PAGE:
Q: How would I go about approaching the material in the 'Book of One' - for a Real understanding?" Lately its been therapy/psychodrama, AA once in a while, and around it all is just trying to be more present. The problem is that I keep falling to sleep and then get caught in some persona or another but I try to realize this and get back to the just staying present. I spend as much free time I have seeing the background of it all.

A: I think you should treat the book just as an enjoyable (hopefully!) but thought provoking way of passing the time. It is not a manual for realizing the truth so there is no particular way of going about reading it. If, having read it, you are convinced that advaita provides a means of understanding the truth, then perhaps you should go about finding a genuine teacher, who can address your own specific problems. Note that you are unlikely to discover the truth on your own. That there is only a non-dual reality and that ‘you are That’ are not intuitively obvious! If you are still not convinced, you can read ‘Back to the Truth’, which looks at everything in more detail through the words of many other teachers and writers.

Enlightenment is only secondarily about peace of mind and reconciliation with life. It is primarily about self-knowledge. It is not about being in the present per se, nor about avoiding bad experiences. But it is true that identification with the roles that you play will occur less and less as your understanding grows.

It is relatively easy to gain information from books but much less easy to gain self-knowledge. It is, however, true that you need a receptive mind in order to be able to assimilate the truth of advaita. So the therapy etc. may well have been useful in this respect. If your desire to find out the truth about yourself is sufficiently intense, you will not have any problem.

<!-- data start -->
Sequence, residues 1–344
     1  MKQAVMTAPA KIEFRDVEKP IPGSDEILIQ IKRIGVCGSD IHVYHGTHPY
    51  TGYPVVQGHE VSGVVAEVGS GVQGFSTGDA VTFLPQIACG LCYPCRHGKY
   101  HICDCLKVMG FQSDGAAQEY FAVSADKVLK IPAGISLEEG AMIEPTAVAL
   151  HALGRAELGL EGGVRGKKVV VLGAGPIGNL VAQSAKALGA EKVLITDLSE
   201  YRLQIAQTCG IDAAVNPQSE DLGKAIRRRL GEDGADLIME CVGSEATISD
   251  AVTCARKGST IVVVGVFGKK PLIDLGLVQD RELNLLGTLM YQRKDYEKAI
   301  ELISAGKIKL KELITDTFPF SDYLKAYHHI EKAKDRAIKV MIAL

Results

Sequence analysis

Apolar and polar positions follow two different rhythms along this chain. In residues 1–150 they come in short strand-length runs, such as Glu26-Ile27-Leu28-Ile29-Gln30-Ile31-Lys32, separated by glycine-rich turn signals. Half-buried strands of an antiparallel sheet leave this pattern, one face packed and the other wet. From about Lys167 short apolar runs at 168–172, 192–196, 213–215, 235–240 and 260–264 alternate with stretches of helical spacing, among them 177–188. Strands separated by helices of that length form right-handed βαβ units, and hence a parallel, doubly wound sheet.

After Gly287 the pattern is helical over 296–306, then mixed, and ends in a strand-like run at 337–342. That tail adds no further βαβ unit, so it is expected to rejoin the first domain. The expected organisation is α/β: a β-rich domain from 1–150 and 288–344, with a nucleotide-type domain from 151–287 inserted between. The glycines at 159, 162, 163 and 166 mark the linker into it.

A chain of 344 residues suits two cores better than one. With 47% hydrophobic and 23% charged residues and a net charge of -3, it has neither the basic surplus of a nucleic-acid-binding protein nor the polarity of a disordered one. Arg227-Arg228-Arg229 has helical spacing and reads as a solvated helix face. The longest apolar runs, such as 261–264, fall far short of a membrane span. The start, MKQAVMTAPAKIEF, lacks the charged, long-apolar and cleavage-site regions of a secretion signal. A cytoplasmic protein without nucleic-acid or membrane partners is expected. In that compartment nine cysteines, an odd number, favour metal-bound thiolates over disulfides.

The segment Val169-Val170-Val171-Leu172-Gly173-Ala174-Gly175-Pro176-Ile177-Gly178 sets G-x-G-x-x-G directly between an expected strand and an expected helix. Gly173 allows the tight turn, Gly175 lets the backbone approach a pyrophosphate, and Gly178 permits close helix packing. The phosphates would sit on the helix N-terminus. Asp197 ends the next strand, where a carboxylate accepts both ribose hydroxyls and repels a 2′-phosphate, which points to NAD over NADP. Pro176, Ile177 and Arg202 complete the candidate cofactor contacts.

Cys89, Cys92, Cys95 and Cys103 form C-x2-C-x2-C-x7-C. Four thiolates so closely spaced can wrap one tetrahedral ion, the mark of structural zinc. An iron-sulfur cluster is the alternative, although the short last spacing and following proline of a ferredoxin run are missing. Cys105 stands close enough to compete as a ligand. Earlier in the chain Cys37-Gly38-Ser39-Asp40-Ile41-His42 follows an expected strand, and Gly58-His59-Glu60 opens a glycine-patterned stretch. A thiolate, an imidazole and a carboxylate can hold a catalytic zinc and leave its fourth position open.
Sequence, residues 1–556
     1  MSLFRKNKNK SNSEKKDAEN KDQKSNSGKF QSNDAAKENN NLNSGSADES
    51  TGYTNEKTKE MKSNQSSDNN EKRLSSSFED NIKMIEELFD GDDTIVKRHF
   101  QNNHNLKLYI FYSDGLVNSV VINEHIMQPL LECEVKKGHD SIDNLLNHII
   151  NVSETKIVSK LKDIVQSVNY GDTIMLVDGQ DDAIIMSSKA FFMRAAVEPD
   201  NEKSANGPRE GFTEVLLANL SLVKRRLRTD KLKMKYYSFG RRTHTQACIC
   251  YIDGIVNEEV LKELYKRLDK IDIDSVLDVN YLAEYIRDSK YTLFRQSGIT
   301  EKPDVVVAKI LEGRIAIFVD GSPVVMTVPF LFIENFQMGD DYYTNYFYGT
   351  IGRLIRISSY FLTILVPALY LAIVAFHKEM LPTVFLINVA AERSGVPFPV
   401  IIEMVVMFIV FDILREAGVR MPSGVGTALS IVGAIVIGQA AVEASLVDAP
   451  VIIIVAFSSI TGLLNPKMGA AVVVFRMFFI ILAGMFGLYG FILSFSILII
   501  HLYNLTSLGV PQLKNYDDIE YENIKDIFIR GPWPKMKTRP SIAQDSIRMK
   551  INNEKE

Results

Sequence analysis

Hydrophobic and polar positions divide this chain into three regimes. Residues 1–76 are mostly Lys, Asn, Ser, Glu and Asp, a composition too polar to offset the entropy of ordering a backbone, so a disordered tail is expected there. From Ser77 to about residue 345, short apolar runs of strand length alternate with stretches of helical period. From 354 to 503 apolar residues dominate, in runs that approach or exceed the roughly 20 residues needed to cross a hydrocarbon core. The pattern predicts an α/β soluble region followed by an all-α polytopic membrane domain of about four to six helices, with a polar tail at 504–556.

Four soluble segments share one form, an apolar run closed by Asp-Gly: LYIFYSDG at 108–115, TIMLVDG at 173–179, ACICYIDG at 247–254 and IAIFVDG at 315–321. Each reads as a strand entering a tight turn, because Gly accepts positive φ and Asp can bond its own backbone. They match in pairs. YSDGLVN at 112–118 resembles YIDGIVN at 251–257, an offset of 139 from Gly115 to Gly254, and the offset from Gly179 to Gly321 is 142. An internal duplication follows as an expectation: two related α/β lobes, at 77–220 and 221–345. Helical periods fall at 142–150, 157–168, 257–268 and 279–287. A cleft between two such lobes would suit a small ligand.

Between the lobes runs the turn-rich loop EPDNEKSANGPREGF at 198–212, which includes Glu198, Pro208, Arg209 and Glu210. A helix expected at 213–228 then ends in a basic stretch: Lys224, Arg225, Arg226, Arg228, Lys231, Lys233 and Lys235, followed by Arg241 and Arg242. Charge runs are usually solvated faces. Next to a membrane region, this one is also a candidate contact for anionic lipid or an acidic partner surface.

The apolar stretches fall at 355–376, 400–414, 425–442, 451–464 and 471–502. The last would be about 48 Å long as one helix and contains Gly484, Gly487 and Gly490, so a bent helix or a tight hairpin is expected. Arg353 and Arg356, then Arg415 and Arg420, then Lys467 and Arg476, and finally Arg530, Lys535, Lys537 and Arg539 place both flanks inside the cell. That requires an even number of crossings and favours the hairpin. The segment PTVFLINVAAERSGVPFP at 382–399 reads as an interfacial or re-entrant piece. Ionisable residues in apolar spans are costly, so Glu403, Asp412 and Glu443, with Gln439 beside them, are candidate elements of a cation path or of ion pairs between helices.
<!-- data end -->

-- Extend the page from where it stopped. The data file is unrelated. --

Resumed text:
Q: In the book, you mention, j~nAna and TM.  I know how to practice TM twice a day but j~nAna - I haven't got a clue what to do with that or where to even begin. Can you suggest a starting point for j~nAna?

A: You are already doing it! The point is that the universal problem is self-ignorance and the only solution to that is self-knowledge. The person ‘follows the path’ of j~nAna yoga, the yoga of knowledge, by learning all about the nature of self and the world. This is not in the sense of acquiring information but in the sense of seeing for oneself what is actually the case. It is done ideally with the help of a teacher. The next best thing is to read good books and discuss them/ask questions from others ‘further along the path’. When you have seen everything, the mind is said to have gained self-knowledge and the person is said to be ‘enlightened’ or to have become a j~nAnI.

Q: I've just been looking at the kena, katha, Ishavasya, and mandukya upanishads. All very beautiful but all are very intense. So my first question is: Does understanding these upanishads take time or should they make sense immediately?

My second question is whether, through enough study and analysis of scripture, plus bhakti, karma and jnAna yoga, the tamas can really fade?

Lastly, several of the things you say do not tally with what I have read and been told by other teachers:

1. There is no mind; that the realized don't have a mind.
2. That the Self is not the ultimate goal while manifested here; that if you stay in the Self, problems will eventually appear again; that you must reside in Awareness.